Nissan RB26/25/20 DET(T) Twin Scroll Turbo Manifold
The Full-Race RB20/25/26 Twinscroll Turbo Manifold designed for instant spool and tremendous top end power. Applying twin scroll divided-pulse technology with long, robotically welded thickwall runners, this manifold will offer increased turbine efficiency, allowing the turbo to spool up fast and hold on throughout the powerband. Runner geometry is adjusted accordingly for the known tendency of RB engines to run slightly leaner towards cyl #6. The Full-Race twinscroll RB manifold can fit any size T4 frame turbo from S200SX, S300SX, EFR series, GT35R, GT40R, GT42R and GT45R. *GT45 requires 5″ inlet compressor housing, 6″ will not fit! Turbos this large may require a hood scoop and are not usually recommended on the RB.
^Pictured with EFR 8374 internal-WG .92 a/r and A/C in an R34 GT-R
^Pictured with EFR 8374 internal-WG .92 a/r in Full-Race’s R14 (S14 w/ AWD conversion)
This is the only single turbo RB manifold designed for the RB26 S13/S14 swap (RWD or AWD)
Key design features:
- Constructed from thick wall stainless steel.
- TIG welded for ultimate strength and reliability.
- True merge collector creates a turbulent free area for the exhaust gasses to enter the turbine housing in even pulses at high velocities.
- Flanged for (2) Tial 44mm wastegates only.
- All mating surfaces machined flat for a leak free seal.
Optional Coated Manifolds
Full-Race’s 704whp R14 (stock bottom end RB26) with Twinscroll RB turbo manifold + EFR 8374 and catalytic converter on the UMS tuning dyno during Modified Magazine tuner shootout:
- A/C compatible ONLY with the R33 and R34 A/C compressor and lines (shorter in length and proper connections. Will not work with the longer R32 A/C compressor:
About Twin Scroll: Twin scroll turbo system design addresses many of the shortcomings of single scroll turbo systems by separating those cylinders whose exhaust gas pulses interfere with each other. Similar in concept to pairing cylinders on race headers for N/A engines, twin scroll design pairs cylinders to one side of the turbine inlet so that the kinetic energy from the exhaust gases is recovered more efficiently by the turbine. For example, if a four-cylinder engine’s firing sequence is 1-3-4-2, cylinder 1 is ending its expansion stroke and opening its exhaust valves while cylinder 2 still has its exhaust valves open (while in its overlap period, where both the intake and exhaust valves are partially open at the same time). In a single scroll AKA undivided manifold, the exhaust gas pressure pulse from cylinder 1 is therefore going to interfere with cylinder 2’s ability to expel its exhaust gases, rather than delivering it undisturbed to the turbo’s turbine the way a twin scroll system allows.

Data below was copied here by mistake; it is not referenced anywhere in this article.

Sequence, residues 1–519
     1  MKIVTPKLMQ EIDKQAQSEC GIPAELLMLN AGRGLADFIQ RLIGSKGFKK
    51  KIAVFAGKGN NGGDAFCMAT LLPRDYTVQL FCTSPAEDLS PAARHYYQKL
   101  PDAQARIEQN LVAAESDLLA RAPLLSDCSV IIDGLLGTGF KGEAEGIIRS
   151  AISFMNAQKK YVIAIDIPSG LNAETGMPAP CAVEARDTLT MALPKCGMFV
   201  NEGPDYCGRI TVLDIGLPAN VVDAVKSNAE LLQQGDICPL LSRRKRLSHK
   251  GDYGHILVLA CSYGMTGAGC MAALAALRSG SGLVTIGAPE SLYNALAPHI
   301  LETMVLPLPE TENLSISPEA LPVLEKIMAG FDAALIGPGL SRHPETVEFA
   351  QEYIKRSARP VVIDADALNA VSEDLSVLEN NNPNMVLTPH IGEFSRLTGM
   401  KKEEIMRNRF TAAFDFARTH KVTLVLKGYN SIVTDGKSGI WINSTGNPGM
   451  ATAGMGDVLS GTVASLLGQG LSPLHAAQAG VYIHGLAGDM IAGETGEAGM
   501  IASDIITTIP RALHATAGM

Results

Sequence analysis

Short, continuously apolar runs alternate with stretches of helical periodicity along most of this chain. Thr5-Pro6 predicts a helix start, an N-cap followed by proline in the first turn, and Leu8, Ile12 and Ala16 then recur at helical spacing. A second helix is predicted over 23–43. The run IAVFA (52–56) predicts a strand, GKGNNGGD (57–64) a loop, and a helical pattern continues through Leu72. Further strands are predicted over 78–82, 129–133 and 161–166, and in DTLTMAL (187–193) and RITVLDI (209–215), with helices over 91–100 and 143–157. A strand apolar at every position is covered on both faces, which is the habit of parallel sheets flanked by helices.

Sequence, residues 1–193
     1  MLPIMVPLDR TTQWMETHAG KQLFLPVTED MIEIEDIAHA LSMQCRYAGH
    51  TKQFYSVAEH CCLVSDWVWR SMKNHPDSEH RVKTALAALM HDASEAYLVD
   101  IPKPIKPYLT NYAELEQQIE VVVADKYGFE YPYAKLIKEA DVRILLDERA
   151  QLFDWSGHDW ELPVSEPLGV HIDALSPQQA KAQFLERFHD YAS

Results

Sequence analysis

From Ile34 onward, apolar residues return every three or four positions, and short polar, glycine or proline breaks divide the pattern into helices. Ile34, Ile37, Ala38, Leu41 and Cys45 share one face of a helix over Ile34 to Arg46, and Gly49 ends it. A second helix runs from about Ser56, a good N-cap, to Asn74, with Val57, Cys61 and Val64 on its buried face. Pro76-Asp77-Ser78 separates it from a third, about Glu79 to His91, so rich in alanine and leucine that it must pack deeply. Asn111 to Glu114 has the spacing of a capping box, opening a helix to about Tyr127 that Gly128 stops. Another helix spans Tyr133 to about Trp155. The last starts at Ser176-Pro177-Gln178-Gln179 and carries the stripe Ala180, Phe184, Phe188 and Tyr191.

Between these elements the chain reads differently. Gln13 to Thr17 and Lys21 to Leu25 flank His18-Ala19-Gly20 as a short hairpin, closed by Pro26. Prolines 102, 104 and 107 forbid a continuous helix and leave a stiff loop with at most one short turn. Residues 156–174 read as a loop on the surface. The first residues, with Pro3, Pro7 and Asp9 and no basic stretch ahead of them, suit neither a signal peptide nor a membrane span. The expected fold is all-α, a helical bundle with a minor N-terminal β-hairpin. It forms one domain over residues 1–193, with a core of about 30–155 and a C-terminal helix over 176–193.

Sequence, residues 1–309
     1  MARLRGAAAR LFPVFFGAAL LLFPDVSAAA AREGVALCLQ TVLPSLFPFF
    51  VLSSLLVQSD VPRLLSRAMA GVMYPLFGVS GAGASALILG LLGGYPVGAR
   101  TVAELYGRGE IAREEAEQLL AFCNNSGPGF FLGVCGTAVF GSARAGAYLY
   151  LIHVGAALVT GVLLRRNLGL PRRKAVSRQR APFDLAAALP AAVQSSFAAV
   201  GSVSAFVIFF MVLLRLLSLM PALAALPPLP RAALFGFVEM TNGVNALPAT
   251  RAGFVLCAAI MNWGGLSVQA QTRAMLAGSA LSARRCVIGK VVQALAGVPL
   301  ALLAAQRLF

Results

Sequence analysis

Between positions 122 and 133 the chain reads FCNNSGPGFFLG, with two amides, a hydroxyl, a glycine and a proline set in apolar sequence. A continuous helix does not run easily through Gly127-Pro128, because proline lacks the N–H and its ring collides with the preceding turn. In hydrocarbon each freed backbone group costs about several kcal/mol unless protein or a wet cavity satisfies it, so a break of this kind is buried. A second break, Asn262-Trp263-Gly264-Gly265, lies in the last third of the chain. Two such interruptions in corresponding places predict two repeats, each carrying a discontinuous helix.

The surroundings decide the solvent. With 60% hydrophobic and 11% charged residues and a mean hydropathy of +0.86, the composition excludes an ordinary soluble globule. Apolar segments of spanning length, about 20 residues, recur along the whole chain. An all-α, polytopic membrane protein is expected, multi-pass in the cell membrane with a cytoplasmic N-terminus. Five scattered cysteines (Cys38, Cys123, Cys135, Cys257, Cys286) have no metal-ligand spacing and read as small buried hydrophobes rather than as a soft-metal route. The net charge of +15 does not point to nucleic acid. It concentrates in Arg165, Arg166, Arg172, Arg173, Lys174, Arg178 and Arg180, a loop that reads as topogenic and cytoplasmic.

The result of the superior scavenging effect from a twin-scroll design is better pressure distribution in the exhaust ports and more efficient delivery of exhaust gas energy to the turbocharger’s turbine. This in turn allows greater valve overlap, resulting in an improved quality and quantity of the air charge entering each cylinder. In fact, with more valve overlap, the scavenging effect of the exhaust flow can literally draw more air in on the intake side while drawing out the last of the low-pressure exhaust gases, helping pack each cylinder with a denser and purer air charge. As we all know, a denser and purer air charge means stronger combustion and more power… but the benefits of twin-scroll design don’t end there. With its greater volumetric efficiency and stronger scavenging effect, higher ignition delay can be used, which helps keep peak combustion temperature in the cylinders down. Since cooler cylinder temperatures and lower exhaust gas temperatures allows for a leaner air/fuel ratio, twin scroll turbo design has been shown to increase turbine efficiency by 7-8 percent (faster spool, quicker response) and result in fuel efficiency improvements as high as 5 percent. It is wise to size the turbine housing A/R larger than the single scroll turbine A/R typically used!